The Murder House by James Patterson and David Ellis

Hi again, bibliophiles!

Hope everyone has been enjoying a beautiful and warm summer! The Murder House by James Patterson and David Ellis is definitely a summer read so it should fit right in with the season. Definitely a beach read. Here’s a quick synopsis:

It has an ocean-front view, a private beach–and a deadly secret that won’t stay buried.

No. 7 Ocean Drive is a gorgeous, multi-million-dollar beachfront estate in the Hamptons, where money and privilege know no bounds. But its beautiful gothic exterior hides a horrific past: it was the scene of a series of depraved killings that have never been solved. Neglected, empty, and rumored to be cursed, it’s known as the Murder House, and locals keep their distance.

Detective Jenna Murphy used to consider herself a local, but she hasn’t been back since she was a girl. Trying to escape her troubled past and rehabilitate a career on the rocks, the former New York City cop hardly expects her lush and wealthy surroundings to be a hotbed of grisly depravity. But when a Hollywood power broker and his mistress are found dead in the abandoned Murder House, the gruesome crime scene rivals anything Jenna experienced in Manhattan. And what at first seems like an open and shut case turns out to have as many shocking secrets as the Murder House itself, as Jenna quickly realizes that the mansion’s history is much darker than even the town’s most salacious gossips could have imagined. As more bodies surface, and the secret that Jenna has tried desperately to escape closes in on her, she must risk her own life to expose the truth–before the Murder House claims another victim.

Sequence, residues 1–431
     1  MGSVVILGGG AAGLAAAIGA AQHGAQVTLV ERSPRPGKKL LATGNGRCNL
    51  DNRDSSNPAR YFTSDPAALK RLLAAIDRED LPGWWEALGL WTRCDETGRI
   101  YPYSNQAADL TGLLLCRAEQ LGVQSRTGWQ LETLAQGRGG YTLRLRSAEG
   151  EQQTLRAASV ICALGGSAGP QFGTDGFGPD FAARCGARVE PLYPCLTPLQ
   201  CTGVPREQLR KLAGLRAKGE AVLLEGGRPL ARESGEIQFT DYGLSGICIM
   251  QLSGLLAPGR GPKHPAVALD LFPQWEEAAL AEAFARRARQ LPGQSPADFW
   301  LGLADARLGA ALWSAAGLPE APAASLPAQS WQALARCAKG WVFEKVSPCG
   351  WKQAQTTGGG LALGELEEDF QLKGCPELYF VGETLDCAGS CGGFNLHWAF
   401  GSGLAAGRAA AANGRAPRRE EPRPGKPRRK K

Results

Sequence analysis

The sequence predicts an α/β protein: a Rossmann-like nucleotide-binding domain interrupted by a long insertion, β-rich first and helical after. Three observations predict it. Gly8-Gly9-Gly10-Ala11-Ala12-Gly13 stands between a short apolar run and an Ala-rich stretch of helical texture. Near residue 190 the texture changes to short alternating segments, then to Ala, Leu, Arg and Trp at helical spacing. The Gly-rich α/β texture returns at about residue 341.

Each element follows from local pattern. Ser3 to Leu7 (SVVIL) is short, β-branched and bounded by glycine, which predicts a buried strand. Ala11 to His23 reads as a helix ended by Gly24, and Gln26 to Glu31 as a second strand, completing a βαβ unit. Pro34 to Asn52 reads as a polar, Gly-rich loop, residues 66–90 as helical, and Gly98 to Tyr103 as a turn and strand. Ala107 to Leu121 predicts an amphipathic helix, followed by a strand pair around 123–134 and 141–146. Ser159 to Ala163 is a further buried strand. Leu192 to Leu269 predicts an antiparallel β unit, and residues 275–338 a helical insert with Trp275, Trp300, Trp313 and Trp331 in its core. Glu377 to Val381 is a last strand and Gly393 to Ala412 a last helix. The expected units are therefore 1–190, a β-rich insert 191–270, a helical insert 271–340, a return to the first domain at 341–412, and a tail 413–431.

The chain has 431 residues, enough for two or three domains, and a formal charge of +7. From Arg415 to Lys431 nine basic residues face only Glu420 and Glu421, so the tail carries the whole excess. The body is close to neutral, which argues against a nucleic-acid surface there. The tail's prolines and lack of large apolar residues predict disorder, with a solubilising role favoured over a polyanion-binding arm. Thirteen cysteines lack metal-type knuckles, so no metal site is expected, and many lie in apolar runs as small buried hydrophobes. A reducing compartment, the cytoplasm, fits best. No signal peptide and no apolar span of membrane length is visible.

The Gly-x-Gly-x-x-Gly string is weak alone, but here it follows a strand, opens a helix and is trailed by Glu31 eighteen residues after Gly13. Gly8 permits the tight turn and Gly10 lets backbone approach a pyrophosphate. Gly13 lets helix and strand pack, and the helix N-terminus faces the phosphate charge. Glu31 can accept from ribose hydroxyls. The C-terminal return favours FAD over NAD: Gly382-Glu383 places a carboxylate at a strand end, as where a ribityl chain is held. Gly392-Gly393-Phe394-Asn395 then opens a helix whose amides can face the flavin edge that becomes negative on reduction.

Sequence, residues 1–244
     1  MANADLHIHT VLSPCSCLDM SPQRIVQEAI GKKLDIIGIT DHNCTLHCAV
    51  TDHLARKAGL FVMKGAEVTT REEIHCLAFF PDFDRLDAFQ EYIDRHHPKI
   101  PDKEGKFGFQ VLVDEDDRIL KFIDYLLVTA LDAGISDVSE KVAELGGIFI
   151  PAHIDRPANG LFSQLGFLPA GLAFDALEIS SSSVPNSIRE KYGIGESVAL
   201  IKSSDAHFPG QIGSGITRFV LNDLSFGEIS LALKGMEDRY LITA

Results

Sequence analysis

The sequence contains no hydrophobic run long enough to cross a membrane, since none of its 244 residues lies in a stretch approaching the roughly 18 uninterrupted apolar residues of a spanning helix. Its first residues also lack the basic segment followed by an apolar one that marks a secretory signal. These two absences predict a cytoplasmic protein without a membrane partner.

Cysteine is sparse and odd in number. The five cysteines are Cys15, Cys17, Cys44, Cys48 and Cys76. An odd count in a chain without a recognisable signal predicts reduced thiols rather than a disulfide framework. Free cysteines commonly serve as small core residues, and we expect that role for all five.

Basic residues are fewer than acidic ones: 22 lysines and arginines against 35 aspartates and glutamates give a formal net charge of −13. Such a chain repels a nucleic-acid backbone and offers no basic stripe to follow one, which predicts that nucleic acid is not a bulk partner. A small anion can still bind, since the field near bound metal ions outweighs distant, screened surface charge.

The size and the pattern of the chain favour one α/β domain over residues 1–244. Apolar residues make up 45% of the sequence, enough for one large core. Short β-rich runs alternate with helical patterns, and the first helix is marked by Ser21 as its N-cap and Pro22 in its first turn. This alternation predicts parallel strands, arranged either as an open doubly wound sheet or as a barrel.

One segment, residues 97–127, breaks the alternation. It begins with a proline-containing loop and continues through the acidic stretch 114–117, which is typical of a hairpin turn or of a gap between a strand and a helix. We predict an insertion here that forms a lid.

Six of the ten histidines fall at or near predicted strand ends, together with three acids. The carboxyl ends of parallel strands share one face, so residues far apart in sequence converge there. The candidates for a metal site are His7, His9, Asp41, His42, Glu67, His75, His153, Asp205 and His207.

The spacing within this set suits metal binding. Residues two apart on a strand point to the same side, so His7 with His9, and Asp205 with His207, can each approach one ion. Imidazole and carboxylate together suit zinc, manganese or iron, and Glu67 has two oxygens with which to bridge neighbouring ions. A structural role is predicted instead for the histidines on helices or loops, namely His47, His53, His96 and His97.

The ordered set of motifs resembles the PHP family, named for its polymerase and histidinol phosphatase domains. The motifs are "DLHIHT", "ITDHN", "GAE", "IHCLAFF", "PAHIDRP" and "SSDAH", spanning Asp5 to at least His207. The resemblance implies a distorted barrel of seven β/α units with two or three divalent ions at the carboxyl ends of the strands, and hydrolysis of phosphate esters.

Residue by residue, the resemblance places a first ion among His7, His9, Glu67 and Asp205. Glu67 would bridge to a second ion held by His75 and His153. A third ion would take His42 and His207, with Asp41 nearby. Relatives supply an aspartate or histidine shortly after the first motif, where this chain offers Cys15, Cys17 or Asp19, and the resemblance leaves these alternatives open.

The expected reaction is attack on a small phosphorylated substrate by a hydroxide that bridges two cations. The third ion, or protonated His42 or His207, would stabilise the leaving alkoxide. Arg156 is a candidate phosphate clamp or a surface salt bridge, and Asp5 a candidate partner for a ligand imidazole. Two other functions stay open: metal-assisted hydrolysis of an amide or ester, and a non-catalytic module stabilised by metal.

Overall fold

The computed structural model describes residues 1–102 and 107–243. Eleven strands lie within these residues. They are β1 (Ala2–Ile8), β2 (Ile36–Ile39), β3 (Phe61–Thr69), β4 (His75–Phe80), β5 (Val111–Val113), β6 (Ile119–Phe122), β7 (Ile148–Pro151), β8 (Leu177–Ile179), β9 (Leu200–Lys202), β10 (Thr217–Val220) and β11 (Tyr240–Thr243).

A page-turner? Definitely.
A gruesome thriller? Absolutely.
A twist ending? Kinda, but about two-thirds of the way through, I caught on and saw it coming.

This novel was by no means a 5-star, spectacular read. It’s not worth running out and buying, BUT if you know someone that can lend you a copy or if you’d like to grab it from the library, it is worth the reading time. OR if you’re looking for a quick read with minimal mental investment required, this is for you!